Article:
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Basically I have two GPUs and I want to execute some kernels on each of them. I don't want the GPUs to be working on the same kernel with each doing some part of it(I don know if this is possible), just in case I don even want to see that behavior.

I just want to make sure that both the devices are being exercised. I have created context and the command queues for both of them. But I see only one kernel gets executed which means only one device is being used. This is how I have done it. . .

cl_device_id *device;
cl_kernel *kernels;
// creating context.  
context = clCreateContext(0, num_devices, device, NULL, NULL, &error);
// creating command queues for all kernels
for(int i = 0; i<num_kenrels; i++)
    cmdQ[i] = clCreateCommandQueue(context, *device, 0, &error);
// enqueue kernels 
error = clEnqueueNDRangeKernel(*cmdQ, *kernels, 2, 0, glbsize, 0, 0, NULL, NULL);

Am I going the correct way?

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1 Answer 1

up vote 6 down vote accepted

It depends on how you actually filled your device array. In case you initialized it correctly, creating the context spanning the devices is correct.

Unfortunately, you have a wrong idea about kernels and command queues. A kernel is created from a program for a particular context. A queue on the other hand is used to communicate with a certain device. What you want to do is create one queue per device not kernel:

for (int i = 0; i < num_devices; i++)
    cmdQ[i] = clCreateCommandQueue(context, device[i], 0, &error);

Now you can enqueue the different (or same) kernels on different devices via the corresponding command queues:

clEnqueueNDRangeKernel(cmdQ[0], kernels[0], /* ... */);
clEnqueueNDRangeKernel(cmdQ[1], kernels[1], /* ... */);

To sum up the terms:

  • A cl_context is created for a particular cl_platform_id and is like a container for a subset of devices,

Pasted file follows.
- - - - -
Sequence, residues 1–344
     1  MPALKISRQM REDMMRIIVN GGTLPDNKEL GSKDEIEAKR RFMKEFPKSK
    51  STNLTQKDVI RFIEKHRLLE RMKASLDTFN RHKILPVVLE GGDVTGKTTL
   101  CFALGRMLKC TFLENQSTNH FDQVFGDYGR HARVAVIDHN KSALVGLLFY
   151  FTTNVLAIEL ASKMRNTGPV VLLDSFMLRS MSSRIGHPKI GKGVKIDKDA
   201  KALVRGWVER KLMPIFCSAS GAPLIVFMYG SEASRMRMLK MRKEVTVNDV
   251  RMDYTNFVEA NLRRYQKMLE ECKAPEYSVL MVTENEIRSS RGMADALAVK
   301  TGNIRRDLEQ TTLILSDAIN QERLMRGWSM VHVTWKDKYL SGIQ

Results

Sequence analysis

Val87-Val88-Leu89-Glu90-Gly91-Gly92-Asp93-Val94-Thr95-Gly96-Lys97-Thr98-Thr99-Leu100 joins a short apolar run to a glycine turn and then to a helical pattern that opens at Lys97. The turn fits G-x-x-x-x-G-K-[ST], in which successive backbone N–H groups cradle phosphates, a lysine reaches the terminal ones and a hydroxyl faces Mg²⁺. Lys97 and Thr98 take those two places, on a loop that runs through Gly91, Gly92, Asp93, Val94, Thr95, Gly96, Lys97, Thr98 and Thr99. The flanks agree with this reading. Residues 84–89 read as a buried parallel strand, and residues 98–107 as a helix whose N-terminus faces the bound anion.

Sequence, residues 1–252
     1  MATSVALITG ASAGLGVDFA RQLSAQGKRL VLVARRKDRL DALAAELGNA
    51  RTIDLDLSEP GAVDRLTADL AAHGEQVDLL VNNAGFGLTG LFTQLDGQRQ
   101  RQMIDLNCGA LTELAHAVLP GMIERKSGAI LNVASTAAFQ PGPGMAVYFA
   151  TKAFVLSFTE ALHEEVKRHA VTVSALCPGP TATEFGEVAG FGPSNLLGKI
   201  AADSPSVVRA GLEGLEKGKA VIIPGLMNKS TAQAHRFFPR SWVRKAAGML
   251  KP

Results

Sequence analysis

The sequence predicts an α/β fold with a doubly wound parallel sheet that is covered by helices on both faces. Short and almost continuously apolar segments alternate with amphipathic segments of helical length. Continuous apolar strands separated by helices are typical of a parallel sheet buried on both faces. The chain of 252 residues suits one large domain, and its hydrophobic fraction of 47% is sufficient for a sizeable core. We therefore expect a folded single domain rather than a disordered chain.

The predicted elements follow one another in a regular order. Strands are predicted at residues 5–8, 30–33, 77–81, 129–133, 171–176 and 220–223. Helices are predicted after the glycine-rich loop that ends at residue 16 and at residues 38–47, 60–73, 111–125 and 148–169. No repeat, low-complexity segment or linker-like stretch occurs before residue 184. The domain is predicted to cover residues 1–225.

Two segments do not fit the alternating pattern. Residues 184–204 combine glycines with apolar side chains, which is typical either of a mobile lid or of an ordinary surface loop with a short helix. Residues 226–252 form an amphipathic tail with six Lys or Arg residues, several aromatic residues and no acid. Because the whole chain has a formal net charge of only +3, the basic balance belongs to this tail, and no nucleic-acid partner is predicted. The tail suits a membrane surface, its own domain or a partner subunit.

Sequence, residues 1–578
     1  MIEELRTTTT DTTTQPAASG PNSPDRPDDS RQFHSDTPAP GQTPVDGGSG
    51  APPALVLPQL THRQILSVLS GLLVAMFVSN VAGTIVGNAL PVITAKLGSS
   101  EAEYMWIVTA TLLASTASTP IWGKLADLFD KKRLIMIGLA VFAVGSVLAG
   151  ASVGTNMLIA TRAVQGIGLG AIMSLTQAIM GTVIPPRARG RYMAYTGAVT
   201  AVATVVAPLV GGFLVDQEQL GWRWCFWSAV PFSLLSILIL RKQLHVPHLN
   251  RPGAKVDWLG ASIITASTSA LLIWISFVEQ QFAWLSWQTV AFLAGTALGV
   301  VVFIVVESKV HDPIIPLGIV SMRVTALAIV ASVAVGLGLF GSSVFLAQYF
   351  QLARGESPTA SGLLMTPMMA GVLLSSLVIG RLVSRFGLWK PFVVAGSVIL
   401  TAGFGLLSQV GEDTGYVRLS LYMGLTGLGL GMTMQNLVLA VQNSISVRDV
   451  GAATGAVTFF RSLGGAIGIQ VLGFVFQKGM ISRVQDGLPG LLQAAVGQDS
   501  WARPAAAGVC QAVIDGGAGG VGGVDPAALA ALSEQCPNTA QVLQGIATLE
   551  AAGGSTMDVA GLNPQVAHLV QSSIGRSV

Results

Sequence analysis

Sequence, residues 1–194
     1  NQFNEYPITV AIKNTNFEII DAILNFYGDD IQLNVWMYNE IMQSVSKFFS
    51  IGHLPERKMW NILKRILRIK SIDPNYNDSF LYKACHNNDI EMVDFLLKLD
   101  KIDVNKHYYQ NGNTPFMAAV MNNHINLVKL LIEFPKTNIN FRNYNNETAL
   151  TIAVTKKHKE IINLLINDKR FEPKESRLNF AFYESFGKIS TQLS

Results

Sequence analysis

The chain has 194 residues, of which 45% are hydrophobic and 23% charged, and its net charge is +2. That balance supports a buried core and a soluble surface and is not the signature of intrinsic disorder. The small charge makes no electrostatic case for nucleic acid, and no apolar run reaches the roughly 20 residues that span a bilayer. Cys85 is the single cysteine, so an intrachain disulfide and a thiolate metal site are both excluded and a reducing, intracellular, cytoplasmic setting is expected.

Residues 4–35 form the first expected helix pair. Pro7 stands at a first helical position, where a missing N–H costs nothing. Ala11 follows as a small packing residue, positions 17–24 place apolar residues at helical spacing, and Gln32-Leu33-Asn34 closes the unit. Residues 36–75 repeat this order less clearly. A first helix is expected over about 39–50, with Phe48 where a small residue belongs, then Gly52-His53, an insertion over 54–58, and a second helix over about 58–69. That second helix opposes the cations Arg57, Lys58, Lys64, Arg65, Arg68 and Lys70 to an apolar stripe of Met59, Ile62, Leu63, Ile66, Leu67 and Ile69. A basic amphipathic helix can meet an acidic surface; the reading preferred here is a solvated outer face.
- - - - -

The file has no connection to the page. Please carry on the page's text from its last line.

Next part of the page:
• a cl_program is created and built for a cl_context and its associated devices
  • a cl_kernel is extracted from a cl_program but can only be used on devices associated with the program's context,
  • a cl_command_queue is created for a specific device belonging to a certain context,
  • memory operations and kernel calls are enqueued in a command queue and executed on the corresponding device.
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Agreed. Also note that different implementations handle distributing workloads across multiple device differently (and sometimes even block clEnqueueNDRangeKernel stackoverflow.com/questions/11562543/…) - and in some cases might be less performant. To truly separate processing across two devices and control it all yourself, you can use two contexts, each created with one device. –  ananthonline Jul 25 '12 at 20:50
Thank you. Just a quick question, can I not use a single clEnqueueNDRangeKernel statement to start both the kernels? –  Nike Jul 25 '12 at 23:43
No, not really. But inside an OpenCL program you can call other functions defined in the same program, if you really just want to split up the logic. –  matthias Jul 26 '12 at 6:29
@matthias :I tried running the kernels on different devices exactly the same way as you suggested. I have even maintained different context for each device. The first kernel executes correctly but I get an "Access violation reading location" eror when the second NDRangeKernel is encountered. I see that memory is allocated correctly and no NULL pointers as such.. Why is this error occurring ? –  Nike Jul 27 '12 at 19:24
@Nike: This is impossible to answer without seeing any code. –  matthias Jul 28 '12 at 14:07

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